>>Larry Lemmons:
And, of course, there is a connection, too, the U.S. Attorney Paul Charlton being fired as well.

>>Howard Fischer:
That was a funny one because the question was, was Charlton not being deferential enough to Republicans. Which is funny because he took a number of gusts over the Jim Irvin thing over the fact that he was or was not investigating Jim Irvin enough. And Paul for all the things people have said about him seems to have played it down the middle.

>>Larry Lemmons:
That is the problem.

>>Howard Fischer:
He escaped with his reputation intact, which is more we than we can say for the current attorney general.

>>Larry Lemmons: Sheriff Joe has backed off on his I.D. At the jails.

>>Mary Jo Pitzl: He put in a policy and said if you are naturalized citizen you can't just check a box and say that you are good to go and you are a naturalized citizen, you have to prove it. Most people don't walk around with the naturalization papers or passport.

>> You will have the I.D. Card.

>>Mary Jo Pitzl:
One of the court workers who regularly goes into the jail was stopped because he, although born in Mexico, is a U.S. Citizen and didn't have the requisite papers. His plight got some attention and I think Arpio realized that the naturalized citizens have the same rights as natural-born citizens.

>>Larry Lemmons:
He probably should have known that beforehand.

>>Howard Fischer:
How long have you been covering Arizona politics and covering Joe Arpaio and suddenly realize he is reading the constitution?

>>Mary Jo Pitzl:
The whole immigration is reaching a fever pitch and anything that you can latch on to has a policy that looks like you are getting tough and being stern and cracking down is going to happen with a lot of public approval until something like that happens that undermines it.

>>Matthew Benson:
At least he backed off. A lot of public officials would never acknowledge a mistake.

>>Larry Lemmons:
Also related to immigration, school costs. They think they are going up because of illegal immigration.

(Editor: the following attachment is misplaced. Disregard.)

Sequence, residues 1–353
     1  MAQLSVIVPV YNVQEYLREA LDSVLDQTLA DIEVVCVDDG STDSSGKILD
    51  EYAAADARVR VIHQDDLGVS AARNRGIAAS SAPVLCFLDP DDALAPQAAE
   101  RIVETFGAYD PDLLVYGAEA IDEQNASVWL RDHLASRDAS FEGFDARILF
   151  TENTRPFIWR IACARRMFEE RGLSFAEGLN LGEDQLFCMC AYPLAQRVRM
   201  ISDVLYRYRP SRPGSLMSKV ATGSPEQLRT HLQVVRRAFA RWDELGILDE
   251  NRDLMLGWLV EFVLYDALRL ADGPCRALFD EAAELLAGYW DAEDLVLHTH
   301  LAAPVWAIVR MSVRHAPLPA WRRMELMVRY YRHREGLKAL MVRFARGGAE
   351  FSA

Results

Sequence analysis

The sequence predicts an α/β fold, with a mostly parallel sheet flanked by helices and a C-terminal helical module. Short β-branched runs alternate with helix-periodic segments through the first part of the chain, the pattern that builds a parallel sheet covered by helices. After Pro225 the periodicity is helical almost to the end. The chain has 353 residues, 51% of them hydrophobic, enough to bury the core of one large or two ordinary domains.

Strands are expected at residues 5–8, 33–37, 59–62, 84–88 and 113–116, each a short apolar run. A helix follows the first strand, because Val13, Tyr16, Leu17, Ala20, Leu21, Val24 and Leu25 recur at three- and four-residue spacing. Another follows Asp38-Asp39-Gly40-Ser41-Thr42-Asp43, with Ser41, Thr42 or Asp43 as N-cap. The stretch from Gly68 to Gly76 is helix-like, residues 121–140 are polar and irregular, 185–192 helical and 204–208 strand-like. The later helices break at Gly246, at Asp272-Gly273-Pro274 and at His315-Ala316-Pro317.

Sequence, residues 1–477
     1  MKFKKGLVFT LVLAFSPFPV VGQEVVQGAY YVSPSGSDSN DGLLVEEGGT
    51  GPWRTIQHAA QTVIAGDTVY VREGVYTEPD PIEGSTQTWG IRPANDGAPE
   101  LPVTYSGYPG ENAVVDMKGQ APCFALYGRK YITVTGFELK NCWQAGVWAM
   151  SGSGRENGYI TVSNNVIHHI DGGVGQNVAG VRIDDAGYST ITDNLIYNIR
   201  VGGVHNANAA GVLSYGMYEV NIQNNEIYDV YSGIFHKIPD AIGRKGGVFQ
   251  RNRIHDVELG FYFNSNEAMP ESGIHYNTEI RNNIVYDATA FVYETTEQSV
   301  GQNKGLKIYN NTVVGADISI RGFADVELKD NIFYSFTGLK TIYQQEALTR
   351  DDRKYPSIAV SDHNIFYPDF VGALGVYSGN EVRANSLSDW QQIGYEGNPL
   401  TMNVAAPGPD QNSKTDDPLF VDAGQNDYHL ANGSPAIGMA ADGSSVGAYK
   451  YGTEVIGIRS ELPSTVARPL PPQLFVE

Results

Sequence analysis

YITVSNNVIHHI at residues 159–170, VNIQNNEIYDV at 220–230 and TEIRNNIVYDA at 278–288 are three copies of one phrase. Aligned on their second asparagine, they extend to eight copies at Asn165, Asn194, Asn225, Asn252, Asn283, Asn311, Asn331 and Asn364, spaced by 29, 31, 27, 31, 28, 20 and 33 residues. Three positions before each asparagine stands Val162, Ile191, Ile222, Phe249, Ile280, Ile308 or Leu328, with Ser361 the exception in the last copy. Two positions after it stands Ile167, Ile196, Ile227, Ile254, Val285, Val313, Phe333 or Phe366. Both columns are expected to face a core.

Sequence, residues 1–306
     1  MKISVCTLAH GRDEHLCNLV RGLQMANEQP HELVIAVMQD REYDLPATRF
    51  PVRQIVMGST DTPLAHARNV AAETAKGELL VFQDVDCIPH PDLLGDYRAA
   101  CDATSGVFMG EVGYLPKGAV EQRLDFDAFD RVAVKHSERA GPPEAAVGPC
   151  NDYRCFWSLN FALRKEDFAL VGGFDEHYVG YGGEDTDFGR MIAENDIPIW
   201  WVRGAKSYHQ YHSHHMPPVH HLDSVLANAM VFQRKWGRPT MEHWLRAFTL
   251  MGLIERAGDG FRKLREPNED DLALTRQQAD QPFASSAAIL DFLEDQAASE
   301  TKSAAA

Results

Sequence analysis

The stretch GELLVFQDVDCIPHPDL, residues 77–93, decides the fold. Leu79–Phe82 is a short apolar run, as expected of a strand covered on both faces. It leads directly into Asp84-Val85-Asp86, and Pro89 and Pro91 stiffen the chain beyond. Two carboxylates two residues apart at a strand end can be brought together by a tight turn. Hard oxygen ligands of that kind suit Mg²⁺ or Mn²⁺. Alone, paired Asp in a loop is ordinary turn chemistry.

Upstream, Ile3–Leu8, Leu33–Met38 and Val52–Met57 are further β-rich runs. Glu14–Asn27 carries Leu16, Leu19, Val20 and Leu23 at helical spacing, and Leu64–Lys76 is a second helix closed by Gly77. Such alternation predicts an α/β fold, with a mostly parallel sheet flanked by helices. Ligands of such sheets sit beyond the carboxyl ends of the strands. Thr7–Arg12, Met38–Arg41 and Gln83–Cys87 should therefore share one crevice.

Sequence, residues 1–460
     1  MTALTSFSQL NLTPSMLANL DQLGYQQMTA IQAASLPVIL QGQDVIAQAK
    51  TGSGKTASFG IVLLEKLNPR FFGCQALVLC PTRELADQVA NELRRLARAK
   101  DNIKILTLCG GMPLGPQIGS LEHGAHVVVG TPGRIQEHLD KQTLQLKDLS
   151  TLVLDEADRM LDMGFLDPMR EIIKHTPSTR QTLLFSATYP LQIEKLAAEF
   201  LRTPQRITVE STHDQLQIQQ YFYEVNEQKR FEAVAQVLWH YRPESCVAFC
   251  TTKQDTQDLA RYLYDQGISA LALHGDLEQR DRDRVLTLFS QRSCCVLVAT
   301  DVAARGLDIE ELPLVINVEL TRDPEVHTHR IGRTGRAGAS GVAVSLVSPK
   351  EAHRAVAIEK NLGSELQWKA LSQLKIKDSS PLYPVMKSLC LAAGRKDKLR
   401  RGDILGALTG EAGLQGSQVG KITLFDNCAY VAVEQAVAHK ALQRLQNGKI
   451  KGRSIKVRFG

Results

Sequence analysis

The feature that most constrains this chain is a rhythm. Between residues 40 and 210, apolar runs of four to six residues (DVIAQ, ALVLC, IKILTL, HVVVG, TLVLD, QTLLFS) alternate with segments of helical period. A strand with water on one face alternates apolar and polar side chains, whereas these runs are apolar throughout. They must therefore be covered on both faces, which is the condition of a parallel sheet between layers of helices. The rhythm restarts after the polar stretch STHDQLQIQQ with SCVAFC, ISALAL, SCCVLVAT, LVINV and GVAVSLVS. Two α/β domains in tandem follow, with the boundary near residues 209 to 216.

>>Howard Fischer:
This stems from an auditor general's report. The state became responsible for building schools and this has ballooned. In the past year, it was $350 million for new schools. They build about 30 new schools a year. By 2012, over $500 million a year. The question is how do we deal with that? One of the things people were looking at is what are we including in the schools. Does the school need a playground or should that be paid for by local taxpayers? Do they need a gymnasium? A question about does every school need a football stadium?

>>Larry Lemmons:
I'm from Texas; every school needs a football stadium.

>>Howard Fischer:
You have to understand football. one of the things he pointed out is there is a study that says out of about a million kids in Arizona public schools perhaps 150,000 are here because of illegal immigration. Maybe only 30,000 or 40,000 of those kids are themselves illegal, but the rest are U.S. Citizens but they are only here by virtue of the fact that their parents snuck into the country. So his argument is to the extent that illegal immigrants go home, assuming the employer sanctions law goes through, 150,000 kids disappear and poof we don't need new schools. That isn't going to happen.

>>Mary Jo Pitzl:
Isn't that the same argument also applied to other social costs like healthcare and crime fighting that if you just reduce this illegal population the costs of police enforcement, of emergency rooms will also be reduced? That remains to be seen.

>>Howard Fischer:
You have to acknowledge that some portion of the costs.

>> Mary Jo Pitzl:
Of course.

>>Howard Fischer:
The magnitude of that becomes the issue. If you are in Douglas, Arizona and running an emergency room at the Douglas hospital, I got news for you. Your costs will go down if illegals could not reach that hospital. There were Mexican women who purposely got across when they were pregnant to make sure that the children could be born here and become the anchor babies.

>>Larry Lemmons:
Something is happening in Tucson with E.L.L. what's going on?

>>Howard Fischer:
The lawsuit we were talking about in 1992 that was filed. As we said, the state is not in compliance according to a federal judge with laws to require that all students have an opportunity to learn English. The state has been held in contempt before and the judge levied fines and the 9th circuit court of appeals said maybe the fines are premature so order the judge to hold another hearing. The judge held another hearing and said you are still in contempt. Hearing Monday is to say should we levy fines, and if so, how much. Tim Hogan who represents the parents said you have to do something to grab them, not take money out of the treasury. You have to fine the state and make it punishment. Lawmakers are saying that is not fair and that is not legal. They are saying we have done the best we can and in fact we think our plan is legal.